14. wow,,, what a photo and article ,,well done
    The last picture ,,,, is the whole meaning of photography and love of it.
    love of leica took me here , and it was pure happiness.Thanks Max .
    I am looking for Leica M body to buy , M3 or M 4-p.to get started on film again ,B&W of course.
    After reading your article ,i know what i should get for my upcoming Middle East and Europe tour.
    quick Q :do you use any filter at all?

    • Hi Russ,

      Thanks for your kind words. I am sure you will be very happy with a good M3 body.
      Filters..sure. I normally leave a light yellow on all the time unless there is very little use for it aside from robbing me of film speed. I use orange when I want more contrast in skies and some foliage and red to get darker skies and a more dramatic effect, mostly in the winter. I have used green for some portraits.



  15. First of all, enjoyed the article and the pics.

    Just to put out there for others who might be inclined to choose film over digital for travel:

    Sd cards are far, far more reliable and stable than film is. If you don’t want to bring a laptop, you can just buy a few 16gbsandisk extreme cards and you’ll have far more shots than a bagful of film, in almost no space. If you do want to back up your files (something you cannot do with film), bring a standalone drive or even an iPad, don’t erase the originals on the card, and now you can keep your pictures in two separate locations. And after some months shooting, i make up the cost difference of digital’s initial expense; it’s actually cheaper than film.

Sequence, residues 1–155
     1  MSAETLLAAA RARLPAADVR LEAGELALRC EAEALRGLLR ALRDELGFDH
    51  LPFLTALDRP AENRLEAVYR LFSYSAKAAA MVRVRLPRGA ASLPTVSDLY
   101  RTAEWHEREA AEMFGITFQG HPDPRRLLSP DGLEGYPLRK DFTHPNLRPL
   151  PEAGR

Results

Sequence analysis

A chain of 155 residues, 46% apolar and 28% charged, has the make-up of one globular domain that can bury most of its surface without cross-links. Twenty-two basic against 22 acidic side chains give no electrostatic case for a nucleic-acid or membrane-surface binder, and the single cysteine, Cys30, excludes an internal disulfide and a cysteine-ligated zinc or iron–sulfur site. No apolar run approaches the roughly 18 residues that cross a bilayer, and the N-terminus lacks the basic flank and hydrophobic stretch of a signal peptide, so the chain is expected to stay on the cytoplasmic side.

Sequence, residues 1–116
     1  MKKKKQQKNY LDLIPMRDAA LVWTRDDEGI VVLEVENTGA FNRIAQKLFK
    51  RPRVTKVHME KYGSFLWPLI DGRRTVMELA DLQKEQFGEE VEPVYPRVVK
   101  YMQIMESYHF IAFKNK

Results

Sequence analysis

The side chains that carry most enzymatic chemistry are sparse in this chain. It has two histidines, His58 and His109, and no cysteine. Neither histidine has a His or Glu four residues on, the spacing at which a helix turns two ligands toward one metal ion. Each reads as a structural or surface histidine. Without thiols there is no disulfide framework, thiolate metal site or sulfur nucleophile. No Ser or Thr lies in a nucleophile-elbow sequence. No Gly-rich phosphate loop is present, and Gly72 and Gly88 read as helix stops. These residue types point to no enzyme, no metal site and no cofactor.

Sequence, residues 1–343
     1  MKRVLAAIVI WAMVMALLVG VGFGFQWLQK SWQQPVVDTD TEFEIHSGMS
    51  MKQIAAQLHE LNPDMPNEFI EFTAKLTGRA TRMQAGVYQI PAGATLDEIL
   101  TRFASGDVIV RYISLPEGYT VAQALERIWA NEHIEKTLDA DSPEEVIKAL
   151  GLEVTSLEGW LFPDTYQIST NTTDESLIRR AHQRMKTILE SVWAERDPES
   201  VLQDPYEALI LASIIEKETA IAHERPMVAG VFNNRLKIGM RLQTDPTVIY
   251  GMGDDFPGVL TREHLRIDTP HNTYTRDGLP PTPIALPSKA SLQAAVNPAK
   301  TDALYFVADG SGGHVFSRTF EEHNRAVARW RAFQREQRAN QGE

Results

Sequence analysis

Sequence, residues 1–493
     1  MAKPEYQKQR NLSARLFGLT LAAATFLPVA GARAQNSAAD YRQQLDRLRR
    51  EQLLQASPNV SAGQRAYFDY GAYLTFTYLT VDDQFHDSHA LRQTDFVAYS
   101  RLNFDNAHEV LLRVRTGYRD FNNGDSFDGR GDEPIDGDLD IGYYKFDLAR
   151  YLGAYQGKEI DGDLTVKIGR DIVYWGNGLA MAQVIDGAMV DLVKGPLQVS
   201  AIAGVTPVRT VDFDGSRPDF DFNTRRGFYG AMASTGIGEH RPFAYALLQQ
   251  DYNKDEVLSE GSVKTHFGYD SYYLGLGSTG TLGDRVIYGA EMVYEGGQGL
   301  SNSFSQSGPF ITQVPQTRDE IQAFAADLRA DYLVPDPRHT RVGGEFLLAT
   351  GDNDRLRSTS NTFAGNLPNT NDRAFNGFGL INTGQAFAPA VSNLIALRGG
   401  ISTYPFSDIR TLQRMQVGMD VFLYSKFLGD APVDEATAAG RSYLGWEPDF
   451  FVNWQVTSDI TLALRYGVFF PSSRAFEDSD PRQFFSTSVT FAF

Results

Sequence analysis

It doesn’t always happen, but I have had film ruined by hand inspection (they decided to use some kind of wet chemical swab on *all* the leaders, and overdid it on many, so the liquid dripped back in the canister and caused it to stick). I don’t trust xrays, either, having had film affected before. Also, bear in mind that exposed film is more susceptible to x-rays and even heat, so if you’re travelling in the tropics for any length of time, you get to decide between someone else’s developing lab, or risking degraded quality once you get back.

    Of course, photogs dealt with much of this bqck in the old days (because they had to), and moreover I happen to love film (and film cameras). But trying to rationalize the decision is pretty hard: it’s more a matter of passion.

    Btw, for overcast but not stormy or dark days, that exposure sounds a bit like you’re underrating your tri-x. Hard to tell without seeing the light though.